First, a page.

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by a life of virtue. here, to be found amongt that blessed number hereafter! To them a resurrection from the dead is indeed a noble and transporting prospect. It is an exemption from all the cares and disappointments of life: it is the exchange of disease and frailty for life and glory: it is the putting on immortality and in-, corruption: it is the being reunited to our long lost friends, to the arms of tender parents, to the friends of our love, or the children of our bosom: it is an approach unto mount Sion, and unto the city of the living God, the heavenly Jerusalem, and to an innumerable company of angels, to the general assembly and church of the first born, which are written in heaven, and to God the judge of all, and to the spirits of just men made perfect, and to Jesus the mediator of the new covenant. These are indeed noble fruits of a resurrection from the dead; sufficient to warm the coldest; and make the weakest strong. They are sufficient to make us despise the miseries of life and the terrors of mortality, and to cry out with the glorious exultation of the Apostle, “O death, where is ." thy sting! () grave, where is thy victory! “ The sting of death is sin, and the strength ss of sin is the law: but thanks be to God, “ which giveth us the victory through our « Lord Jesus Christ!"
But if à resurrection from the dead be thus a fountain of consolation to the good and virtuous, it is no less a fountain of terror to the guilty. For reflect, Q sinner, what it is to appear before an all-seeing and just God: to stand self-condemned and trembling before the awful judge of quick and dead.! to have all thy secret sins and midnight follies laid open and disclosed: to have all the generations of the world stand around thee, witnesses of thy crimes and condemnation. Hadst thou a friend that loved thee in the world; how will it rend his bosom to see thee thus appalled with fear, and sinking under thy load of guilt? Hadst thou a parent that trained thee in the ways of early piety, and watched over thy infant days with a tender and sleepless solicitude; what a heart-rending stroke will it be to hear that dreadful sentence pronounced upon thee, "go, “ thou cursed child, into everlasting fire, pre“ pared for the devil and his angels.” Finally, hast thru any feeling for thyself? Think, O think, what it will be to enter into all the torments of hell, to dwell with everlasting burning's, with the worm that never dieth, amidst the blackness of darkness for evermore, to be separated from God and happiness, to be excluded from every ray of hope, to feel the stinging reproaches of conscious guilt, and the agonizing pangs of a mispent life, the abused mercies of heaven, and the never ending torments of the fire that cannot be quenched.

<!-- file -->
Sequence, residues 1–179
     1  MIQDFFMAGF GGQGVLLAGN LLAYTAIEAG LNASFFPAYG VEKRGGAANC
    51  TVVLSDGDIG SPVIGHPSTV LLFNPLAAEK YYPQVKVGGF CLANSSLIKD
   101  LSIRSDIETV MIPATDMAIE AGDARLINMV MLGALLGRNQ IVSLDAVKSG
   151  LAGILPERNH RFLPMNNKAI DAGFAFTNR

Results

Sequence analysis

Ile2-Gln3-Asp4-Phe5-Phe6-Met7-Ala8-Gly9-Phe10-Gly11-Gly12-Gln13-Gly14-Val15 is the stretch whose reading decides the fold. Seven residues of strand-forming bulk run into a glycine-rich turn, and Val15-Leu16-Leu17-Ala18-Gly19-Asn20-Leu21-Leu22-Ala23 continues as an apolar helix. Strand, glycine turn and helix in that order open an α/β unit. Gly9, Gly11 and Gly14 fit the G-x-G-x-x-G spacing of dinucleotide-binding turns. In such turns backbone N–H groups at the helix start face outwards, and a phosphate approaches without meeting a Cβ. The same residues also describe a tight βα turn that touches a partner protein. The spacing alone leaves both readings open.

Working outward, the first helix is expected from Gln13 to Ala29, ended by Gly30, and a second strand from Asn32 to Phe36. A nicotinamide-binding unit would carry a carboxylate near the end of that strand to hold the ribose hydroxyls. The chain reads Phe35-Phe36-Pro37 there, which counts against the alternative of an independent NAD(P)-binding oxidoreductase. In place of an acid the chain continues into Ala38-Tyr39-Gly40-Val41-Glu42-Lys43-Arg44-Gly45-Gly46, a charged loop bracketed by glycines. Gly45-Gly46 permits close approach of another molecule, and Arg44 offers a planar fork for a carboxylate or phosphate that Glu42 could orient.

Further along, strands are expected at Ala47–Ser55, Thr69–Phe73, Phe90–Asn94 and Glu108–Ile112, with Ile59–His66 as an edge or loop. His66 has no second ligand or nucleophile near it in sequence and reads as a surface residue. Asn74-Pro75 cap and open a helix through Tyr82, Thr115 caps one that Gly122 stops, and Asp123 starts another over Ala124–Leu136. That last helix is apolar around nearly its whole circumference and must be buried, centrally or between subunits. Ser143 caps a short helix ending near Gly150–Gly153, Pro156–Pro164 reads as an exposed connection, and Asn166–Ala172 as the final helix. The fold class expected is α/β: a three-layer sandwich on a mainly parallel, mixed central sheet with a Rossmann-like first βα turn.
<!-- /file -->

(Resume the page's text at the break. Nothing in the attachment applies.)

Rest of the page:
Since then it depends upon ourselves, whether the resurrection from the dead shall be a blessing or a curse; since it is in our own choice, whether we will rise to life or death eternal; let us chuse life, that both we and our seed may live. All has been done for us that could be done by the mercy of heaven: what remains therefore must be done for ourselves. The unhappy rich man thought that his five brethren, though they were deaf to the voice of Moses and the prophets, yet would repent, if one went unto them froń the dead. Even that last and greatest persuasive to repentance has been vouchsafed to us. If there fore we repent not, utterly hopeless and inexcusable must be our condition; we can have nothing to look for but fiery indignation. Let us therefore wisely determine to crucify the old man, and utterly abolish the whole body of sin. Let us awake to righteousness, and sin not. Let us seek those things which are above, where Christ sitteth on the right hand of God. Let us be stedfast, unmoveable, always abounding in the work of the Lord; forasınuch as we know that our labour is not in vain in the
Lord: For if we believe that Jesus died and rose again, cyen so them also which sleep in Jesus will God bring with him; and when Christ, who is our life, shall appear, then shall we also appear together with him in glory,
EPHESIANS Ï. 8, 9.
By grace are ye saved, through faith; and that not of yourselves : it is the gift of God: not
of works, lest any man should boast. O?
F all the unhappy divisions, which have
torn and distracted the bosom of the Christian church, from the days of the Apostles down to the present times, none seems to have been supported with greater warmth or carried to greater lengths than the dispute-" whether “ to God's grace and faith in Christ, or to
our own works we must be indebted for sal“ vation."
The zealous asserters of grace maintain, that since we can do nothing of ourselves, we should leave all to God, and not endeavour to do any thing: for since, every gift of God must be